By Ken Reed

I want to be the first member of the Cam Johnson Fan Club.

Johnson is a former University of Pittsburgh basketball player who is trying to transfer to the University of North Carolina to play his final two years of eligibility. He graduated from Pitt in three years, summa cum laude, with 3.9 GPA.

According to NCAA bylaws, Johnson should be allowed to transfer and play immediately for any NCAA school as a graduate student. However, for some reason, the NCAA also allows schools and conferences to set their own policies for graduate transfers.

As such, Pitt decided that Johnson could transfer to a conference member school but had to sit out a year before becoming eligible to play.


Johnson is a Pitt graduate and gave three years to the Pitt program. Shouldn’t a graduate be allowed to transfer where he wants?

This is the NCAA plantation mentality at work again. Here’s how it works: coaches and athletic directors are allowed to break their contracts and take jobs at any school of their choice. Athletes, whose compensation is limited to a scholarship — despite pulling in millions in revenue to pay the salaries of coaches and athletic directors — are only allowed to go to another university if their school says they can. If their original school wants to play the role of jerk and prevent an athlete’s transfer — to all NCAA schools or only certain schools they designate — they can.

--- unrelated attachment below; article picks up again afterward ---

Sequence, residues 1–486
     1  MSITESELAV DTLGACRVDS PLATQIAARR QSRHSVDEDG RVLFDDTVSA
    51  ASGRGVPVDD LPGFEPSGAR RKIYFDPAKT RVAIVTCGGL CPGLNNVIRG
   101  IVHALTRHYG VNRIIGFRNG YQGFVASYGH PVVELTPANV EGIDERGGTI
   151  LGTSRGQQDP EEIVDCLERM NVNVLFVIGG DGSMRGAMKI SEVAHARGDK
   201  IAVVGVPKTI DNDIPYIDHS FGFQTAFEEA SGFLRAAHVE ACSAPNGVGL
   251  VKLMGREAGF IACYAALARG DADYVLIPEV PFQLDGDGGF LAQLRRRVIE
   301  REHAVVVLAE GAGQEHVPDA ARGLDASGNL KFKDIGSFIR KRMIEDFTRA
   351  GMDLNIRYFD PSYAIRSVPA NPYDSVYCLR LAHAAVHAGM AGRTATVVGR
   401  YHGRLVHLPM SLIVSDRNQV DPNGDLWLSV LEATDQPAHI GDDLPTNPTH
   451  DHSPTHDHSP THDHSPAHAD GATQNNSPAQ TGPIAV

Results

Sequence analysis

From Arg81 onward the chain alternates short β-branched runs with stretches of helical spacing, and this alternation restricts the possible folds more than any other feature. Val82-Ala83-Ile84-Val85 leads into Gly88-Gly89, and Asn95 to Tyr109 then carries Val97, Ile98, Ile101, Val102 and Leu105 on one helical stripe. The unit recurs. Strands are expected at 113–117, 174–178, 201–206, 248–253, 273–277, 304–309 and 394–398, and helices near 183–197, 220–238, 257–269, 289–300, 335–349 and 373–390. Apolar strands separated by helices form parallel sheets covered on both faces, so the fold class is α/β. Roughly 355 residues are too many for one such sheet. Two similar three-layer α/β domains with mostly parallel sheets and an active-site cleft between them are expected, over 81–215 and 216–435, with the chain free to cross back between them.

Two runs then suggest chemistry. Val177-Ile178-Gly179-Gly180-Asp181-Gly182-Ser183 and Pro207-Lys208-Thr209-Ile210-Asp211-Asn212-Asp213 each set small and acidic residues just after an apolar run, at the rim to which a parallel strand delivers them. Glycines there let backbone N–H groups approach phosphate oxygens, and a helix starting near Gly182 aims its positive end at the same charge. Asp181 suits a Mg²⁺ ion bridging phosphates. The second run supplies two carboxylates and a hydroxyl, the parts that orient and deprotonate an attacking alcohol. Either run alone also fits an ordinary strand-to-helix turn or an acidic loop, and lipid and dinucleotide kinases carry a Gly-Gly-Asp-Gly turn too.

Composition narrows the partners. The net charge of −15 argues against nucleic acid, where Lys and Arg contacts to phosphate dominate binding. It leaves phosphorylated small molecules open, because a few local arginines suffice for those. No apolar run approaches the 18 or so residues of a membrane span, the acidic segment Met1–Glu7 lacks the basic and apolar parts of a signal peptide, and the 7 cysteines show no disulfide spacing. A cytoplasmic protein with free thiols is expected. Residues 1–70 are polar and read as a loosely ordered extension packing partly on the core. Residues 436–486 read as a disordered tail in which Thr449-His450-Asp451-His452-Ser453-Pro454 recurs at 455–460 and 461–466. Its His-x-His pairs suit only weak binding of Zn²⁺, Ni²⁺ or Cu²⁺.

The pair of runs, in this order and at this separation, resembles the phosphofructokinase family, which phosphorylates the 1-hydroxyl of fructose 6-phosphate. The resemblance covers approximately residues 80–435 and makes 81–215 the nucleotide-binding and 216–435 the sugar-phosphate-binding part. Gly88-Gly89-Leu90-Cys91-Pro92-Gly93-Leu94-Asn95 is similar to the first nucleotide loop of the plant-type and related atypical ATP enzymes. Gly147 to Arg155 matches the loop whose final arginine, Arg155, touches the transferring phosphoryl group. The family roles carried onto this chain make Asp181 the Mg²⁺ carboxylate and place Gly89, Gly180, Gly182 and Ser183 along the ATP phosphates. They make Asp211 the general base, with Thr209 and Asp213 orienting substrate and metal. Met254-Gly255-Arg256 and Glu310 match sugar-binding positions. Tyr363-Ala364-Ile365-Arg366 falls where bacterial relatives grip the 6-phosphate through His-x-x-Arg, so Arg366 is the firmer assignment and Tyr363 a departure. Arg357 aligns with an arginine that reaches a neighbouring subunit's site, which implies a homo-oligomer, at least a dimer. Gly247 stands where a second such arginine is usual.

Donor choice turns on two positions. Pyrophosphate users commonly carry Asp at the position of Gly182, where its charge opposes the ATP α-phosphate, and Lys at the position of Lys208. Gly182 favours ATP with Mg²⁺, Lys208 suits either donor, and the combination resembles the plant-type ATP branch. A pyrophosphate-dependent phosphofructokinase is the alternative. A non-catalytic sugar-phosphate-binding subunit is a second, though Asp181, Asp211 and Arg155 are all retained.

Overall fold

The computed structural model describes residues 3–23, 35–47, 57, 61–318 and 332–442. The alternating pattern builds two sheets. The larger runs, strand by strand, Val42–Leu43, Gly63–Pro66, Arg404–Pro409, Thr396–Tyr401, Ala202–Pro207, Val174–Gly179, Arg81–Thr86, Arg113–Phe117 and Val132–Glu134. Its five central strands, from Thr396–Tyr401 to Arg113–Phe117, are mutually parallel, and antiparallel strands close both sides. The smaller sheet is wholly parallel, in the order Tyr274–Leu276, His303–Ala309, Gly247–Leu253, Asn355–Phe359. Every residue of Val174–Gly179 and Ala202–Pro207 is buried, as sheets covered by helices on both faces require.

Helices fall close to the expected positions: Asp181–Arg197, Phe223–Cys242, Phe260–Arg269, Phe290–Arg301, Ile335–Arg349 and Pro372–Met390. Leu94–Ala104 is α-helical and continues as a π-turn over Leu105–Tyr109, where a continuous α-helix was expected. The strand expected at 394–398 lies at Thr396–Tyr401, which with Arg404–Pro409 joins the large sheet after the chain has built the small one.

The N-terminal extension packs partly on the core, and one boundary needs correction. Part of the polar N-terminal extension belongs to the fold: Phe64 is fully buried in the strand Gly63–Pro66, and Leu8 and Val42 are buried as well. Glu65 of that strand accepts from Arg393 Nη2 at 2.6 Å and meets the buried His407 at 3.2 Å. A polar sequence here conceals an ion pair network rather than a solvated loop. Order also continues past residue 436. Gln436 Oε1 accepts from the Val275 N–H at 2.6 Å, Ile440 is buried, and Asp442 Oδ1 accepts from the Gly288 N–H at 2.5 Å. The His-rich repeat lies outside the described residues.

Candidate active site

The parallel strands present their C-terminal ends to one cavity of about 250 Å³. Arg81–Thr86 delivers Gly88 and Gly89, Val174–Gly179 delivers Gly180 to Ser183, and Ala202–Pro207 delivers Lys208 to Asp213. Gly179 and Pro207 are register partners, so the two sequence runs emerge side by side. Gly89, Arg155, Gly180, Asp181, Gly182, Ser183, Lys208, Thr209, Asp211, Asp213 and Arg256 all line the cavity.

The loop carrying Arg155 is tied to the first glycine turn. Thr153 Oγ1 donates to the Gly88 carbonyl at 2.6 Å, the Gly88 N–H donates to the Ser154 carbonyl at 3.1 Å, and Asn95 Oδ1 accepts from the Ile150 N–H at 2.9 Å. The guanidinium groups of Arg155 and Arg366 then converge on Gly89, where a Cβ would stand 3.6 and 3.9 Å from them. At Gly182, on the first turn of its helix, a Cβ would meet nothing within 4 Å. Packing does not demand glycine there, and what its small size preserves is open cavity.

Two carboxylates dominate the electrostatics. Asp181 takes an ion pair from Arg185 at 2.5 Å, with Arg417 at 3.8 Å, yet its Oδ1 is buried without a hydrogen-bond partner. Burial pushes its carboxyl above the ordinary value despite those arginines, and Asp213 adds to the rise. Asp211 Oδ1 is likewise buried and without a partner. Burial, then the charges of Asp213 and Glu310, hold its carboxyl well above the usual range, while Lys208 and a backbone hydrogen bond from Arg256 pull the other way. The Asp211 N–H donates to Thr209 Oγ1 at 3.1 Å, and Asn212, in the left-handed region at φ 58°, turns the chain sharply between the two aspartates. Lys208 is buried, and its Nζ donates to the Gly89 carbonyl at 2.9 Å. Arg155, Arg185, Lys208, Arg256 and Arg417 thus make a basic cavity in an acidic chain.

Universities simply have too much power over athletes. College kids don’t have the protection of unions or agents to argue on their behalf like professional athletes do. They’re left to fight the NCAA Machine on their own.

This whole scenario stinks. In Johnson’s case, he was recruited to Pitt by former coach Jamie Dixon, who left shortly thereafter to take the job at TCU. Kevin Stallings left his players at Vanderbilt to take the job at Pitt. Pitt’s athletic director also left during Johnson’s time at Pitt to go to Oregon State. Nevertheless, Pitt wants to hold Johnson hostage.

As Johnson wrote in a letter he released publicly this week:

“As a student-athlete, who is not a paid employee of the school, and a graduate, shouldn’t I be granted the same freedom of movement?”

Where’s the justice in this system?

Hopefully, public pressure will force Pitt to change this unfair decision.

Just last week, public pressure on Kansas State’s athletic department forced head football coach Bill Snyder to change his mind regarding his decision to not allow wide receiver Corey Sutton to transfer anywhere, and I mean anywhere. Snyder banned Sutton from transferring to all FBS (Division I), FCS and Division II schools. After heavy criticism, Snyder changed his tune and allowed Sutton to freely transfer.

It shouldn’t take heavy public criticism to change these decisions. This is a deeply flawed system that needs to be fixed.


Ken Reed, Sports Policy Director, League of Fans


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